We can now do the same for negative affect. Very similar results are obtained with global ratings of unpleasantness or ratings of sadness (.69 vs. 71). Thus, sadness also explains 50% of the variance in well-being.
If happiness and sadness were independent, these results would confirm the hedonist theory of well-being, but happiness and sadness are not independent. It is therefore necessary to include happiness and sadness simultaneously as predictors to see how much of the variance in well-being is explained by affect alone and how much variance is left to be explained by something else. This is of course just multiple regression with the notable difference that regression is conducted at the level of unobserved variables that control for measurement error.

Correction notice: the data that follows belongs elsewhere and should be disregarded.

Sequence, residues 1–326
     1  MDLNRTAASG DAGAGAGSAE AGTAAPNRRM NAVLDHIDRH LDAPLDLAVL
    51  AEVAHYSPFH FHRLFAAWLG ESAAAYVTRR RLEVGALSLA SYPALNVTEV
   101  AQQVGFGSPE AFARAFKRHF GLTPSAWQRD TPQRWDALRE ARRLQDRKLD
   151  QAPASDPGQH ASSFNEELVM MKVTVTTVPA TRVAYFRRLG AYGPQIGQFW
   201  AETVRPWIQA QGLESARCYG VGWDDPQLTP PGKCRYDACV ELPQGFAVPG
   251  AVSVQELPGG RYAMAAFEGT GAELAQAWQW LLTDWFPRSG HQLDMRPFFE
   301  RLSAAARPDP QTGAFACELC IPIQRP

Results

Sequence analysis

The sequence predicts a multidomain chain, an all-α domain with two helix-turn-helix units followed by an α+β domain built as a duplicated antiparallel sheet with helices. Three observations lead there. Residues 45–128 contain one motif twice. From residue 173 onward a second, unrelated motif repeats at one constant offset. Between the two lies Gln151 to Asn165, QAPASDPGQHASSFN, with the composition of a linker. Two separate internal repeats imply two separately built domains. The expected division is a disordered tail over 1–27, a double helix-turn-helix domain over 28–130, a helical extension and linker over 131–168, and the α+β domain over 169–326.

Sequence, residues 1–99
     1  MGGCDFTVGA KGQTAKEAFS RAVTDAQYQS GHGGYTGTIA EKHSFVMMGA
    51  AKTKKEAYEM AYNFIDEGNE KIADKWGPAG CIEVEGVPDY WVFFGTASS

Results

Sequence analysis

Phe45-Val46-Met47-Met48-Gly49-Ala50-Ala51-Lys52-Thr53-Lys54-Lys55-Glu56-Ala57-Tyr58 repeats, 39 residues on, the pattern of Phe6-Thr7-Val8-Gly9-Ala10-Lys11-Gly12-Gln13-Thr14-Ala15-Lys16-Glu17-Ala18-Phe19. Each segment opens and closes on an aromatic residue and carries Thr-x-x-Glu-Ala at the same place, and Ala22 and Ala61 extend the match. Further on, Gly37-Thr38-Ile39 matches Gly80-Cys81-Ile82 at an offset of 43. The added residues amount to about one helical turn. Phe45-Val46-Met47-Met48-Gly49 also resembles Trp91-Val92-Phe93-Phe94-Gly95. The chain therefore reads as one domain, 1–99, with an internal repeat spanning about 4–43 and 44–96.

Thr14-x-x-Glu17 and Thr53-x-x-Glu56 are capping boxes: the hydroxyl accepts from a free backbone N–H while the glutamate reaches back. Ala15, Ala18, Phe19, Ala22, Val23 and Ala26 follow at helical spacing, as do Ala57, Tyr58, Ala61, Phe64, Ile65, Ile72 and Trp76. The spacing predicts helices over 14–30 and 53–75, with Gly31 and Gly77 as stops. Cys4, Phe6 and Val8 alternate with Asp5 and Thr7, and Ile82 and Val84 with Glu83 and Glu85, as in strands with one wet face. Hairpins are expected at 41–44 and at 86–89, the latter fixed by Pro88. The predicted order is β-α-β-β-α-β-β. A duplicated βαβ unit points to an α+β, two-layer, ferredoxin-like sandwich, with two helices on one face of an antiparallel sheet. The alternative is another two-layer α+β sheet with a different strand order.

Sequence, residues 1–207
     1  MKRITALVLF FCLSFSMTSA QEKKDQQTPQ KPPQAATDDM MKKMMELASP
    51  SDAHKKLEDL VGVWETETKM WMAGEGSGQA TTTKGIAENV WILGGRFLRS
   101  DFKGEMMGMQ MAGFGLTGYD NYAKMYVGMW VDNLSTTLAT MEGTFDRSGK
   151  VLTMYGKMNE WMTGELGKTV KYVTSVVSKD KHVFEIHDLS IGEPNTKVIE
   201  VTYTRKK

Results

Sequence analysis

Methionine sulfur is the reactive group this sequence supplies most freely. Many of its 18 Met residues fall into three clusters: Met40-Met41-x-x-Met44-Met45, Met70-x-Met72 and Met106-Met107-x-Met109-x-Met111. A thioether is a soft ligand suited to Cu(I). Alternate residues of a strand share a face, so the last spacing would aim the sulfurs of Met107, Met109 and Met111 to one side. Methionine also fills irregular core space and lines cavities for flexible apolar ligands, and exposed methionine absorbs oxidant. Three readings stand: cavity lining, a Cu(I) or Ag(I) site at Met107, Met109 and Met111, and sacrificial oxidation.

The autogenerated model looks fine because it doesn’t include the correlated errors. The actual model included these errors. The fit of the model was acceptable, CFI = .989, RMSEA = .029. The correlation between happiness and sadness was r = -.59, which is similar to results in the only two multi-method studies of this relationship (Diener, Smith, & Fujita, 1995; Zou et al., 2013). The residual (unexplained) variance in well-being was 37%. Thus, affect explains roughly two-thirds of the valid variance in well-being, but one-third is not explained by affect.
Thus, the first conclusion that we can draw from these results is that well-being cannot be reduced to the balance of pleasure and displeasure. Apparently, we are not slaves to our passions and have ways to embrace our lives even when we are not experiencing pleasure or dislike our lives even if we do. Most important, the remaining unexplained variance is not just measurement error because the model controlled for it.
This brings us to the second question. What else predicts well-being independent of our feelings. And this question will be examined in Part II of this series called “How to build a monster model of well-being.”
Continued here. Part 2
3 thoughts on “How to Build a Monster Model of Well-Being: Part 1”